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Simple Implementation Of Travelling Salesman Problem
UPDATE: This function is now a part of the Oracle Object implementation.
The Travelling Salesman is a well known problem in graph theory:
The Travelling Salesman Problem describes a salesman who must travel between N cities.
The order in which he does so is something he does not care about, as long as he visits each one during his trip, and finishes where he was at first.
Each city is connected to other close by cities, or nodes, by airplanes, or by road or railway.
Each of those links between the cities has one or more weights (or the cost) attached.
The cost describes how “difficult” it is to traverse this edge on the graph, and may be given, for example, by the cost of an airplane ticket or train ticket,
or perhaps by the length of the edge, or time required to complete the traversal.
The salesman wants to keep both the travel costs, as well as the distance he travels as low as possible.
While there are many solutions out there in Java and other languages, I thought I would create an implementation using PL/SQL and Oracle Spatial alone. I do not profess that this is a true, or full, implementation of the problem, but it is an example of what could be done even in PL/SQL.
My implementation has two parts:
1. A function that is compiled against specific tables and which uses the nearest neighbour SDO_NN operator.
2. A separate function that runs against collections of geometries independently of the source of the data.
This article describes the first implementation. This implementation requires:
- A table of points coded only in SDO_POINT_TYPE;
- Points can be 2D or 3D;
- Table has unique integer column (either primary key or unique constraint/index);
- Table is spatially indexed;
One can create a sample dataset that implements these requirements as follows.
DROP TABLE ProjPoint2D PURGE; CREATE TABLE ProjPoint2D ( id INTEGER, geom mdsys.sdo_geometry ); INSERT INTO ProjPoint2D (id, geom) WITH mGeom AS ( SELECT SDO_GEOMETRY(2005,NULL,NULL, SDO_ELEM_INFO_ARRAY(1,1,20), SDO_ORDINATE_ARRAY(358443.819,5407099.906, 358716.043,5407087.437, 358651.624,5407224.588, 358680.717,5407399.144, 358952.941,5407444.861, 359314.521,5407415.768, 359370.628,5407249.525, 359349.847,5407137.31, 359108.794,5407089.515, 358930.082,5407241.213, 358826.18,5407336.803, 358819.946,5407463.563, 359056.843,5407552.919, 359283.35,5407615.261, 359075.545,5407523.827, 358485.38,5407735.787, 358393.946,5407552.919, 358312.903,5407311.866, 358319.137,5407087.437, 358360.698,5406991.847)) AS mPoint FROM dual ) SELECT t.id,sdo_geometry(2001,a.mPoint.sdo_srid,sdo_point_type(t.x,t.y,t.z),NULL,NULL) AS point FROM mGeom a, TABLE(sdo_util.getVertices(a.mPoint)) t; COMMIT; SELECT 'Inserted '||COUNT(*)||' records into ProjPoint2D' FROM ProjPoint2D; DELETE FROM USER_SDO_GEOM_METADATA WHERE TABLE_NAME = 'PROJPOINT2D'; COMMIT; DECLARE v_shape mdsys.sdo_geometry; v_srid INTEGER; BEGIN SELECT SDO_AGGR_MBR(a.geom), a.geom.sdo_srid INTO v_shape, v_srid FROM ProjPoint2D a GROUP BY a.geom.sdo_srid ; INSERT INTO USER_SDO_GEOM_METADATA(TABLE_NAME,COLUMN_NAME,DIMINFO,SRID) VALUES ('PROJPOINT2D','GEOM',MDSYS.SDO_DIM_ARRAY( MDSYS.SDO_DIM_ELEMENT('X',V_SHAPE.SDO_ORDINATES(1),V_SHAPE.SDO_ORDINATES(2),0.005), MDSYS.SDO_DIM_ELEMENT('Y',V_SHAPE.SDO_ORDINATES(3),V_SHAPE.SDO_ORDINATES(4),0.005)), v_srid); END; / SHOW ERRORS COMMIT; CREATE INDEX ProjPoint2D_GEOM ON ProjPoint2D(geom) INDEXTYPE IS mdsys.spatial_index parameters('sdo_indx_dims=2, layer_gtype=point');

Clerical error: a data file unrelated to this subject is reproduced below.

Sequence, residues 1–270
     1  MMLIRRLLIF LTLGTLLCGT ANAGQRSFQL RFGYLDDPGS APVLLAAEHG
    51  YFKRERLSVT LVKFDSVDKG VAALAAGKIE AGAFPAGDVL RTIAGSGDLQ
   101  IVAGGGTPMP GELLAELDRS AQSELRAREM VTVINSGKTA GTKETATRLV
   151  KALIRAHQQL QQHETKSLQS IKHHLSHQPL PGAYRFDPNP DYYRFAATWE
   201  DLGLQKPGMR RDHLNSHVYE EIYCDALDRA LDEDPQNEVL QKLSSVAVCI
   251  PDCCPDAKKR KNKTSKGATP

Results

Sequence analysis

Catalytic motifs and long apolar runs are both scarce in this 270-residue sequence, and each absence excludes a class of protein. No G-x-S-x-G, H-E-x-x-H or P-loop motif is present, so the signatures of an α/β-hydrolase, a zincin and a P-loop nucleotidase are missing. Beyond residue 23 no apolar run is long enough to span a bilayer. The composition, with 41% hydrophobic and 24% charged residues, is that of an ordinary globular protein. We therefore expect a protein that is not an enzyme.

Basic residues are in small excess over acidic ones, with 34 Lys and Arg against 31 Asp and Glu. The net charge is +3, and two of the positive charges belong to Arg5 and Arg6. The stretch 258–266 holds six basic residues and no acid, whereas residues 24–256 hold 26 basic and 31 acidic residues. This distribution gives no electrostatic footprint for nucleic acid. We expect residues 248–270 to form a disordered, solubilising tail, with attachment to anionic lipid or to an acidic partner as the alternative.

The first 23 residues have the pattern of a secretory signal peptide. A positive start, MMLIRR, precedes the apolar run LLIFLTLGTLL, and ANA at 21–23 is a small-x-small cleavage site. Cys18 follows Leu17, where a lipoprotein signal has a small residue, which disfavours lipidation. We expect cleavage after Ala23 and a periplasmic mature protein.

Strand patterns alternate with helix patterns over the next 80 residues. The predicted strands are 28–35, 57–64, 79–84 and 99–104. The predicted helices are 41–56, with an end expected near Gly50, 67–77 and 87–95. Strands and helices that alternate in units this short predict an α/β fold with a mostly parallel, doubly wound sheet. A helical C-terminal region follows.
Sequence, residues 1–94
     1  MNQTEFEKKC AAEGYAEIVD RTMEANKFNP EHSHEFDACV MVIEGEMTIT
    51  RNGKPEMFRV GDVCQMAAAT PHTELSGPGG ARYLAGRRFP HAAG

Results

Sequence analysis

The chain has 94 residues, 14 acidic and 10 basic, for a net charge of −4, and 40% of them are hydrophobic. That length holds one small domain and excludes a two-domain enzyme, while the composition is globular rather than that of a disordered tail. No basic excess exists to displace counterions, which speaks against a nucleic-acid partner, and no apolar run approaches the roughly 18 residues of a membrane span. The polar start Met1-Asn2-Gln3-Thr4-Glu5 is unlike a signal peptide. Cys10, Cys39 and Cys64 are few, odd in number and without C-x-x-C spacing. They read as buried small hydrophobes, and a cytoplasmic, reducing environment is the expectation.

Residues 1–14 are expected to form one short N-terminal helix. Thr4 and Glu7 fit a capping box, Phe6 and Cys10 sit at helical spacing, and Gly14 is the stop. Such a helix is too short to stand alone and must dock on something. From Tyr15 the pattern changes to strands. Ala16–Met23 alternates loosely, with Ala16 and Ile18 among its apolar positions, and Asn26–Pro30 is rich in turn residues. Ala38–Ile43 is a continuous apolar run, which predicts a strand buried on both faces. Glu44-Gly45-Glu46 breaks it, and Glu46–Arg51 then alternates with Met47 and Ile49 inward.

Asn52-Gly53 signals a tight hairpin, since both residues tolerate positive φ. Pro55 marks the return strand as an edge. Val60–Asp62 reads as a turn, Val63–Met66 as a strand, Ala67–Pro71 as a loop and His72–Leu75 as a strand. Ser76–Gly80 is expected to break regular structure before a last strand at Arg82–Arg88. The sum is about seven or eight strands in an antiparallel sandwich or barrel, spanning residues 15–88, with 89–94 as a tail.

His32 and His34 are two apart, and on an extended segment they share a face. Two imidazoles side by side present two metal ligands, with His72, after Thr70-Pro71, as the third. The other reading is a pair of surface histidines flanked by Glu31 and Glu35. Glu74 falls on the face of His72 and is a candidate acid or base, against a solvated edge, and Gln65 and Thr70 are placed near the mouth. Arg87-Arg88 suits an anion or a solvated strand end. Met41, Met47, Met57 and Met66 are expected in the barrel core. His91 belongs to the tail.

The function has the following interface:
CREATE OR REPLACE FUNCTION ST_TravellingSalesman( p_table_name IN varchar2, p_table_gid_name IN varchar2, p_geom_column_name IN varchar2, p_table_gid_value IN NUMBER, p_unit IN varchar2 DEFAULT NULL ) RETURN sdo_geometry Deterministic AS ... etc ... BEGIN -- Algorithm starts with point (Node) identified by p_table_gid_value of column in table p_table_name called p_table_gid_name. -- Add first ID to list of nodes that have already been processed. -- Iterate over all points in table ---- For current node (gid) find nearest point (node) in table to it which is not in already processed node list. ---- Add found node XY(Z) values to return linestring. ---- Add found node ID to list of nodes that have already been processed RETURN path_as_linestring; END ST_TravellingSalesman; / SHOW errors
An example of how to call the function with our sample data is as follows.
SELECT st_travellingsalesman(p_table_name=>'PROJPOINT2D', - p_table_gid_name=>'ID', - p_geom_column_name =>'GEOM', - p_table_gid_value=>1, - p_unit=>NULL) AS path- FROM dual; -- Now let's test it PATH ---- SDO_GEOMETRY(2002,NULL,NULL,MDSYS.SDO_ELEM_INFO_ARRAY(1,2,1),MDSYS.SDO_ORDINATE_ARRAY(358443.819,5407099.906, 358319.137,5407087.437, 358360.698,5406991.847, 358312.903,5407311.866, 358393.946,5407552.919, 358485.38,5407735.787, 358680.717,5407399.144, 358819.946,5407463.563, 358826.18,5407336.803, 358930.082,5407241.213, 358952.941,5407444.861, 359075.545,5407523.827, 359056.843,5407552.919, 359283.35,5407615.261, 359314.521,5407415.768, 359370.628,5407249.525, 359349.847,5407137.31, 359108.794,5407089.515, 358716.043,5407087.437, 358651.624,5407224.588))
This looks like the following:
There is also a 2.5D linestring example which shows a different solution for the same XY points as it takes in to account the slope length between each of the points.
Contact me for the actual source code.
I hope this article helps someone out there.
Contact me for the actual source code.